A Kojonup farmer is suing his neighbour for allegedly contaminating his crops with genetically modified material in what could become a landmark case for organic farming in Australia.
Lawyers for farmer Steve Marsh today lodged a Supreme Court writ seeking to recover loss and damages from his neighbour, GM canola farmer Michael Baxter.
Mr Marsh claims a GM canola seed blew into his farm in 2010, contaminating his land and causing the partial loss of his organic status.
Today, safe Food Foundation Director Scott Kinnear said the case could determine the future of organic farming in Australia.
"If it (the case) is lost then what we can do in Australia is going to be severely restricted," Mr Kinnear said.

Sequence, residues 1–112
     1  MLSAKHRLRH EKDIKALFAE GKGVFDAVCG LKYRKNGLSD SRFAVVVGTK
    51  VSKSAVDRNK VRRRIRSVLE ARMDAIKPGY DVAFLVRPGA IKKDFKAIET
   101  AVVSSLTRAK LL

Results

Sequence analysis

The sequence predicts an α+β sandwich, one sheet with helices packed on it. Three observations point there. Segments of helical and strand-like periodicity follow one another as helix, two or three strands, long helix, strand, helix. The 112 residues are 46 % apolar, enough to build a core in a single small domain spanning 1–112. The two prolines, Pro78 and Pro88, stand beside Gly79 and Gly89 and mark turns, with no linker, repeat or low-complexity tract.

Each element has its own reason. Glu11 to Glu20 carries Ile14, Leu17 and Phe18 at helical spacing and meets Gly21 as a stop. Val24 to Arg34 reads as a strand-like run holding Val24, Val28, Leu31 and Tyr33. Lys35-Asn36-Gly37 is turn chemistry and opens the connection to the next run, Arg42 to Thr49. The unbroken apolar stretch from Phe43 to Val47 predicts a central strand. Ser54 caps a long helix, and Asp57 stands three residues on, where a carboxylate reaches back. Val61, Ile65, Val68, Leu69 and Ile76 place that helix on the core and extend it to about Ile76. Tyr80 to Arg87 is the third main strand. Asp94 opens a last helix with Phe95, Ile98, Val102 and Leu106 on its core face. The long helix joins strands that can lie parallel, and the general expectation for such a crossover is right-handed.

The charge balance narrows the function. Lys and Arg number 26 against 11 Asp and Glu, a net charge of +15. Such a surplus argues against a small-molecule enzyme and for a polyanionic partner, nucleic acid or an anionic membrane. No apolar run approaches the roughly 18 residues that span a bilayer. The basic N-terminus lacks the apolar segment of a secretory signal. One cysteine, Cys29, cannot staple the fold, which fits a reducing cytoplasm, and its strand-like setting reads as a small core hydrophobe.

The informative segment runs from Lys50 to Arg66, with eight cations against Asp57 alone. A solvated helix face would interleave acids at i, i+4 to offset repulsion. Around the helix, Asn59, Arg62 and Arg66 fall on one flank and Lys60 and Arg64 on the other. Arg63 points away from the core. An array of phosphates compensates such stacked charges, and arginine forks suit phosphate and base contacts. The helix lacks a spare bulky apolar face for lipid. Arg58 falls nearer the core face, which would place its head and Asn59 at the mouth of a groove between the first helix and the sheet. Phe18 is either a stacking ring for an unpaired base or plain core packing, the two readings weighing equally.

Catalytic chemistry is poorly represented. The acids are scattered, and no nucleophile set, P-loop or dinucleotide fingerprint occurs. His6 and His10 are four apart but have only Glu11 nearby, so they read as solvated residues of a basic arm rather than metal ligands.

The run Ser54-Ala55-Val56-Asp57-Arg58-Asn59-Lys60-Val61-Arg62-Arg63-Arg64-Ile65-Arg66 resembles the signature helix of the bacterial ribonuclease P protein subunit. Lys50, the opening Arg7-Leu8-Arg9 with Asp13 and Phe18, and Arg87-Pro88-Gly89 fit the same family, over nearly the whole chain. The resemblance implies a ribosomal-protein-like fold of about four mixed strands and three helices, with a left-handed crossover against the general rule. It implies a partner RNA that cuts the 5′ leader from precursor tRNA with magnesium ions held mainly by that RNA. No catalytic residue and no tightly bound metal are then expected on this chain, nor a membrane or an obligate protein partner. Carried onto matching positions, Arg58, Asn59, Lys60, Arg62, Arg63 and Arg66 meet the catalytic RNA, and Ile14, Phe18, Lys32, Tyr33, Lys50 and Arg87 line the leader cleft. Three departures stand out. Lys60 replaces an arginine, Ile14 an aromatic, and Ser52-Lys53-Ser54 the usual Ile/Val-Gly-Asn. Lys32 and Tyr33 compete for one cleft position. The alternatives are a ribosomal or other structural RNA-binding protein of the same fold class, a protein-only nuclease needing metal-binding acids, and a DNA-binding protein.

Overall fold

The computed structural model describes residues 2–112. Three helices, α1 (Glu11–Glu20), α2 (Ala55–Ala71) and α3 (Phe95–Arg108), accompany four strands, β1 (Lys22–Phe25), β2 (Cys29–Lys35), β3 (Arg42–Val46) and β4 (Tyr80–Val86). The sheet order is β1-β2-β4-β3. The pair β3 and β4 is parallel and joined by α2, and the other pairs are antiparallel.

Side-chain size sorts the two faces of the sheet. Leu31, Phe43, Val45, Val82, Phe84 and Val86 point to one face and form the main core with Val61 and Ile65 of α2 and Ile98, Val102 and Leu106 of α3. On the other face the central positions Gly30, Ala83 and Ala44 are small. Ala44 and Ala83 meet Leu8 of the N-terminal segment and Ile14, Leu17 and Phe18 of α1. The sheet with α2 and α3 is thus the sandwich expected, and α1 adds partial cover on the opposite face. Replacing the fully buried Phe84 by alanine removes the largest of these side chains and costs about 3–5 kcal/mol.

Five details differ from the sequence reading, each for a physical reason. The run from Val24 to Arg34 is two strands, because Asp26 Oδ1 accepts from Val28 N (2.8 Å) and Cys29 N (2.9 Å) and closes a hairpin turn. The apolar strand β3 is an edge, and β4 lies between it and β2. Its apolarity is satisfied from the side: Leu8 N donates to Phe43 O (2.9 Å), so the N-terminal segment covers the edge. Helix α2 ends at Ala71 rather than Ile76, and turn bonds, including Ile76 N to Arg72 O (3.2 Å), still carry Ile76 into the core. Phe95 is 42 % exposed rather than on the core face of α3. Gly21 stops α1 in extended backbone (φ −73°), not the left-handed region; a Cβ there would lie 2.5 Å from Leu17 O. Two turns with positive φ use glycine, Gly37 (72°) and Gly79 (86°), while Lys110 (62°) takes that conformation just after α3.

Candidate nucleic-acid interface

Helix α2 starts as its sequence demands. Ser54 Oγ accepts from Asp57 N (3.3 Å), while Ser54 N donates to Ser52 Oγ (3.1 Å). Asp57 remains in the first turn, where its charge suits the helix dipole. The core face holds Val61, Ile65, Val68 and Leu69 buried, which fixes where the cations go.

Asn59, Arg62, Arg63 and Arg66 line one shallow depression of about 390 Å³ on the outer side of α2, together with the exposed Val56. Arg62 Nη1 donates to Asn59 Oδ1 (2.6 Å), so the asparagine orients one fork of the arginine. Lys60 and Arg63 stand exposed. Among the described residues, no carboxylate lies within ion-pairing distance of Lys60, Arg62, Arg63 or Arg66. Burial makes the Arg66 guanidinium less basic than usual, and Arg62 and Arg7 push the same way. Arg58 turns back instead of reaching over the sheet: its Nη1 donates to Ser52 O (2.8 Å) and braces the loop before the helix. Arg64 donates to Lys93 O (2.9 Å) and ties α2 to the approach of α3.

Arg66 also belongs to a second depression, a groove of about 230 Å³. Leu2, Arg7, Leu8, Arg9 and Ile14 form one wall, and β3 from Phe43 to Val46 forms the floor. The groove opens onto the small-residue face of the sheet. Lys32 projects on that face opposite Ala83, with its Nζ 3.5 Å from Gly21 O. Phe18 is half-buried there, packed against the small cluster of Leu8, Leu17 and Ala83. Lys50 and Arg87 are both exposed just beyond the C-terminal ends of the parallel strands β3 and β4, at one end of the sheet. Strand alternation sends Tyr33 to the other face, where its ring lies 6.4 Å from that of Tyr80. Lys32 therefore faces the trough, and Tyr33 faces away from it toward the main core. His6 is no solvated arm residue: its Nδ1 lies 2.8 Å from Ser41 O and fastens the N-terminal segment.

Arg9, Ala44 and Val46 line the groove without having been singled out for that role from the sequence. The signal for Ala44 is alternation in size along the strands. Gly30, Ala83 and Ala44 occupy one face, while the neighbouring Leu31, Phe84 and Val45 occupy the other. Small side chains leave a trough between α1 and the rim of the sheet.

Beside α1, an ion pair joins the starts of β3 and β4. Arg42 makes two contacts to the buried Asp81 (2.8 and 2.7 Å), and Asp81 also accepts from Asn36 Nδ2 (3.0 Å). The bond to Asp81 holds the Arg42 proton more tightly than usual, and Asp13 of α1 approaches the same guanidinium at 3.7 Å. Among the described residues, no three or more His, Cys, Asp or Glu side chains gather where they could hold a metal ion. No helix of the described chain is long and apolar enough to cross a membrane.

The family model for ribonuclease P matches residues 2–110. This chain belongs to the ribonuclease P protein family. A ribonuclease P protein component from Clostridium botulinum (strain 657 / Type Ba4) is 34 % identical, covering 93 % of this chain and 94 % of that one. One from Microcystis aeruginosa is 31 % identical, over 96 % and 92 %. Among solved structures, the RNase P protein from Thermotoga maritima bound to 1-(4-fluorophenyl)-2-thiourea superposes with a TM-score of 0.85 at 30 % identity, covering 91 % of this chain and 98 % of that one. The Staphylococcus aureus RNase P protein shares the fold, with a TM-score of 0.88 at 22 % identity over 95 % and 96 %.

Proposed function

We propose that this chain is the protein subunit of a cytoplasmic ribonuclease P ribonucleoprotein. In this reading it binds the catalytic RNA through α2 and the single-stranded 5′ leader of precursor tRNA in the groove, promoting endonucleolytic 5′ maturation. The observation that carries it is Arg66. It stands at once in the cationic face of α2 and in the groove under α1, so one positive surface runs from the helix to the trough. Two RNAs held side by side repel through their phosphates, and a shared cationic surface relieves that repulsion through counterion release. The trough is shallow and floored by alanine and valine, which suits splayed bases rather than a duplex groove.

Mr Marsh’s lawyers will argue Mr Baxter should have gone to greater lengths to protect his neighbour from contamination, and a five metre buffer zone between their crops was not enough.
"What is on trial to some degree is a five metre buffer zone which I think most people think is ridiculous," Mr Kinnear said.
Slater and Gordon lawyer Mark Walter said the case went to the heart of allowing farmers to farm their land how they wished.
"It’s often said that this is a matter of choice between competing farm users we say, yes, he has as much choice to farm GM canola as we have to farm organic...but he has to take into account his obligations at law...and the vulnerability of his neighbour."
Mr Marsh first found GM canola seeds on his property in December 2010. The National Association for Sustainable Agriculture removed accreditation from more than 70 per cent of his farm resulting in what Mr Walter described as "significant," losses as he could no longer sell his oats and wheat at the premium price demanded for organic produce.